10 Things Currently More Likely To Kill You Than ISIS In The United States


With Republicans shouting from every rooftop that they can find about the dangers that extremism and ISIS impose on us as a nation, they certainly are behaving like Chicken Little. They want us to think the sky is falling at every moment so they can push their war policies and ideologies of hating those that don’t fit their mold of White Christian ‘perfection.’

Republicans across the country are telling everyone that the Syrian refugees who are seeking asylum in the United States are secretly ISIS undercover and if we let them in they will most certainly attack us. This myopic viewpoint is not only bigoted, but it is just utterly inaccurate.

To put things in perspective, I’ve put together a list of things that actually may cause us harm on any given day. Things that are killing people in the United States every year. Things, in fact, that have definitely killed more people in the United States than ISIS.

  1. Cars: Did you know that driving to and from work actually imposes a bigger threat on your life in the United States than ISIS currently does? According to data, nearly 34,000 people die from auto accidents per year.
  2. Painting your House: Think your house looks a little dingy? Might need to brighten it up after a harsh winter? Think again. The CDC has listed that over 30,000 people die in unintentional falls every year. So, get off that ladder, folks. Is it really worth the risk?
  3. Sketchy Burger Place: Imagine this — you’re driving along the highway for hours upon hours. You get a rumbly in your tumbly. You think to yourself, “I could really use a bite to eat,” so you pull off the next exit. However, the only place to eat is a place with a half-lit sign that says “Burger.” You think, how bad could it be? BAD, folks, because according to statistics nearly 39,000 people die of unintentional poisoning deaths every year. Don’t be one of them.
  4. That Bowl of Pretzels: Former President George W. Bush was one of the lucky ones, but so many are not. The fourth leading cause of unintentional injury and death is choking.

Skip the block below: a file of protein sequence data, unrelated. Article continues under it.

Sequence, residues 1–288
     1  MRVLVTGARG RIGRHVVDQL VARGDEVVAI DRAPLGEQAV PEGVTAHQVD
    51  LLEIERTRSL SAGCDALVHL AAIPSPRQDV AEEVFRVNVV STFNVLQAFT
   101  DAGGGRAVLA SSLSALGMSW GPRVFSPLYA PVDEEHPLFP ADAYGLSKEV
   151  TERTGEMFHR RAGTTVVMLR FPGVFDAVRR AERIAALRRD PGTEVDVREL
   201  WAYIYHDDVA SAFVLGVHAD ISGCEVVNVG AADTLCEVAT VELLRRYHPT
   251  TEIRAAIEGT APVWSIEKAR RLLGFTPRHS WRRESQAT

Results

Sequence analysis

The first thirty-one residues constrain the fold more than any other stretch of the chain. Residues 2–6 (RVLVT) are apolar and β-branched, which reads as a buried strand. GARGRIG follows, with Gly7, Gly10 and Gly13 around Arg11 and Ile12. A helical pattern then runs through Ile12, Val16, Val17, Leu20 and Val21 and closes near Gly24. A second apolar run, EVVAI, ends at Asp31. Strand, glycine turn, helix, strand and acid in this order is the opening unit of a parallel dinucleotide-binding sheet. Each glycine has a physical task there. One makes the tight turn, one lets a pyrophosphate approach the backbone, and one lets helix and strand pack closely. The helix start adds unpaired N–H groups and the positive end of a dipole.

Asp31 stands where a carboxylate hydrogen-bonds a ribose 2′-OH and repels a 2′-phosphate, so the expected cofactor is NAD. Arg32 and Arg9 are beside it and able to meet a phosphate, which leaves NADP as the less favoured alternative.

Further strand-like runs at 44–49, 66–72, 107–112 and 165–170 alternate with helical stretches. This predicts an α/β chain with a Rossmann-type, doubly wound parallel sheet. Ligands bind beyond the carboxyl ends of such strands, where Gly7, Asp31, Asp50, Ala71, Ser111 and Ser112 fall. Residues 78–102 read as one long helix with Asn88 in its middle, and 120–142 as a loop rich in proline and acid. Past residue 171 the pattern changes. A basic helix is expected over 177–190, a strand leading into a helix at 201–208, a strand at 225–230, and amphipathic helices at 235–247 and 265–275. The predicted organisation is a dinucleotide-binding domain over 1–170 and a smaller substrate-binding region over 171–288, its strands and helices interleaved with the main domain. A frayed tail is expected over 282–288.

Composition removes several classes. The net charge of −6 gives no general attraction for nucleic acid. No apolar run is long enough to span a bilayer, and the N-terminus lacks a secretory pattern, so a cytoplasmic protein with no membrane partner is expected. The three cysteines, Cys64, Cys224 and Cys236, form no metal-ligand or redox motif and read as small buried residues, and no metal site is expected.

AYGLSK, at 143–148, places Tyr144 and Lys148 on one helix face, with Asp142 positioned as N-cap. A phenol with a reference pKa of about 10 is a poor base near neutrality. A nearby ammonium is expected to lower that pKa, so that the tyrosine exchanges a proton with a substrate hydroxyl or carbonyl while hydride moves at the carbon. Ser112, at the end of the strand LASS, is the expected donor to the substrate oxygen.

5. Second Graders: You’re reading that and you’re all like, “what the f*ck?! Second graders?” Yes. No, they’re not all little militants looking to get you, but they could be carriers of one of the most deadly things in the United States — the flu bug. Nearly 57,000 people die of from Influenza and Pneumonia each year. Think about that the next time you want to do a career day at your local elementary school. Or rather, think twice.
  6. Hair Dryer: Want to look nice for that party you’re going to this Saturday evening? Well, before you get ready, remember that each year about 60 people die from accidental electrocutions from small household appliances.
  7. Christmas Decorations: You’re five times more likely to die in a fire related to Christmas tree and holiday decorations than the average winter holiday fire.
  8. Your Backyard Swimming Pool: On average, over 3,500 people die from unintentional drownings each year.
  9. Your Doctor: As much as we trust our doctor with our lives, the unfortunate truth is that around 400,000 Americans are killed by medical malpractice yearly.
  10. Gun Ownership: While many in the nation like to maintain the guns make us safer as a nation, evidence clearly shows that this is not the case. Over 36,000 people die yearly from firearm deaths.

Why make the point about how dangerous so many things are? Because all of the things that were just mentioned have killed more Americans than ISIS, at home and overseas.

While acts of violence perpetrated on Americans by ISIS is still a very legitimate thing to worry about, lets take into consideration how Republicans are using extremism to dictate foreign policy and garner votes from their terrified and war-hungry base of misinformed voters. We have very stringent processes already in place to safeguard the American people. If you’re worried about safety, you have more things in your house that have a better chance at causing you potential harm.

Featured image: Flickr